The Proto-Indo-Europeans are the proposed speakers of the reconstructed Proto-Indo-European Language. What they called themselves is unknown if some sense of unity or belonging together even existed, which is unlikely. The possible homeland of this theoretical population of Neolithic and Bronze Age pastoralists has been the subject of a heated debate spanning over multiple centuries since the discovery of the Indo-European Language Family in the 19th century. The most popular theory today postulates an origin within the western Eurasian steppes, north of the Black and Caspian Seas in what is modern-day Ukraine and southern Russia.
From there these prehistoric nomads spread across the Eurasian continent, helped by domestic horses and the wheel, which in turn led to horse-drawn wagons and chariots, increasing the mobility of the Proto-Indo-Europeans significantly. They intermixed with and assimilated peoples, which they encountered on their migrations, into their own culture, often integrating significant elements of native customs, traditions, believes, and even language into their own and thus forming entirely new ethnolinguistic groups.
Because the Proto-Indo-Europeans themselves didn’t leave us any written records, all we know about them is reconstructed using the comparative linguistic method, and aided by archaeological findings in the proposed homeland. On this page, you will find some of the results of this research, including Proto-Indo-European religion, mythology, language, culture, and society. More articles may be added in the future.
What did the Proto-Indo-Europeans look like? The facial reconstruction of remains of the Yamnaya culture tries to answer that question.Keep reading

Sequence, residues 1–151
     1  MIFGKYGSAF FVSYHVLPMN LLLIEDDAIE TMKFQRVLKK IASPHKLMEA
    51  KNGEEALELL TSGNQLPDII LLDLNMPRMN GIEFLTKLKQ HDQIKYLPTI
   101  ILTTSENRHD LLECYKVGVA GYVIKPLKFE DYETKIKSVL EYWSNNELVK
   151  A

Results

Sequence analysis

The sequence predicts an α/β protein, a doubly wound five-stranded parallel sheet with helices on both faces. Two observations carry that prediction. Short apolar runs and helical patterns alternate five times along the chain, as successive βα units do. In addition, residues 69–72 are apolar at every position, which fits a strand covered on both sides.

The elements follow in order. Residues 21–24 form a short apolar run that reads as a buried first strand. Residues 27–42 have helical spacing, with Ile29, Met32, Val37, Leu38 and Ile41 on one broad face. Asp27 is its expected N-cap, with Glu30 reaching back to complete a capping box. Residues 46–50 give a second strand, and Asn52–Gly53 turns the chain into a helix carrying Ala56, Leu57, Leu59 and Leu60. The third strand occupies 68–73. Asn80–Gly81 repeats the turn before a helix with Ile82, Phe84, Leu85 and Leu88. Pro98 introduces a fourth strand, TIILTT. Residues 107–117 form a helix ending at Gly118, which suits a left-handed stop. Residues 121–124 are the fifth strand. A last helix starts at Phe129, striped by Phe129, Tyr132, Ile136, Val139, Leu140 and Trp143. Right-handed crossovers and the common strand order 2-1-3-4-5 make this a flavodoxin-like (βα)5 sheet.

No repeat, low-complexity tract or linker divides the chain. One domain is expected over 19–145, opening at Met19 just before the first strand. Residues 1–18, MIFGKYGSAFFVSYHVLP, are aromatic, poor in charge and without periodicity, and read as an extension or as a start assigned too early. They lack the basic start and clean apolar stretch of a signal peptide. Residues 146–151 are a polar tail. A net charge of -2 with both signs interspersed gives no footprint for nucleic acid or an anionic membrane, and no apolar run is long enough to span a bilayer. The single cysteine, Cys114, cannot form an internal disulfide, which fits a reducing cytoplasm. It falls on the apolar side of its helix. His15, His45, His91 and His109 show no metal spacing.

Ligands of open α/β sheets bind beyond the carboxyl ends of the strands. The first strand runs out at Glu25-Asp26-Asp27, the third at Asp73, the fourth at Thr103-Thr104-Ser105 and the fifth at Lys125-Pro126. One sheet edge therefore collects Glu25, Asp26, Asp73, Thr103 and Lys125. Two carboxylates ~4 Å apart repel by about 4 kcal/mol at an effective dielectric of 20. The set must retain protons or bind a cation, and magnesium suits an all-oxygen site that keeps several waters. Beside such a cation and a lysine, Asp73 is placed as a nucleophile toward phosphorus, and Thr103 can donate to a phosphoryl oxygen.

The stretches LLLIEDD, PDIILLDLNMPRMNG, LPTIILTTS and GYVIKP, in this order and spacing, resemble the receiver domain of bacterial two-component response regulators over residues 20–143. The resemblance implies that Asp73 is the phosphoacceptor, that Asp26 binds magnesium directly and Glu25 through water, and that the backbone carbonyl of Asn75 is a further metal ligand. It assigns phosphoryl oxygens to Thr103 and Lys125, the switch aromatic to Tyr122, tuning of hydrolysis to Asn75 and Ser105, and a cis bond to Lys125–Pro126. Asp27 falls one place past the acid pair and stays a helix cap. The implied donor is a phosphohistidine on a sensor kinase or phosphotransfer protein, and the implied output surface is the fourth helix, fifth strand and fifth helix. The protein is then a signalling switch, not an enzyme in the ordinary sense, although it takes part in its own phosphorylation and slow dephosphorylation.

Report on the ‘Martin Burr Fund’ grant offered for a monograph on the Norse God Loki written by Riccardo Ginevra (Center for Hellenic Studies, Harvard University) The historical and comparative approach to Indo-European poetic language and myth has developed greatly in the second half of the 20th century, particularly thanks to the efforts of, among […]…Keep reading
All societies have their own, unique story of creation, some of which we may be more familiar with than others. The ancient Greeks believed that in the beginning there was Chaos, the Norse that there was Ginnungagap, ‘the big gap’ of nothingness between the forces of fire and ice. But what if these myths, together with a few others across the Eurasian continent, had a common, Proto-Indo-European origin?Keep reading
Western society is often thought of as profoundly patriarchal, capitalist and power hungry, as has been shown multiple times throughout history. But how deep these traits run within our ancestry has only come to light within the last few decades with the reconstruction of Proto-Indo-European society.Keep reading
The Gods of the Proto-Indo-European pantheon encompassed archetypes such as the Sky Father, chieftain of all gods, and his dragon-slaying son, the God of Thunder.Keep reading
Most languages spoken today in Europe and large parts of Western and Southern and Northern Asia originated with an elusive people which researches have dubbed the Proto-Indo-Europeans. But how where they discovered and what is it that connects them? This article seems to answer these questions concisely.Keep reading
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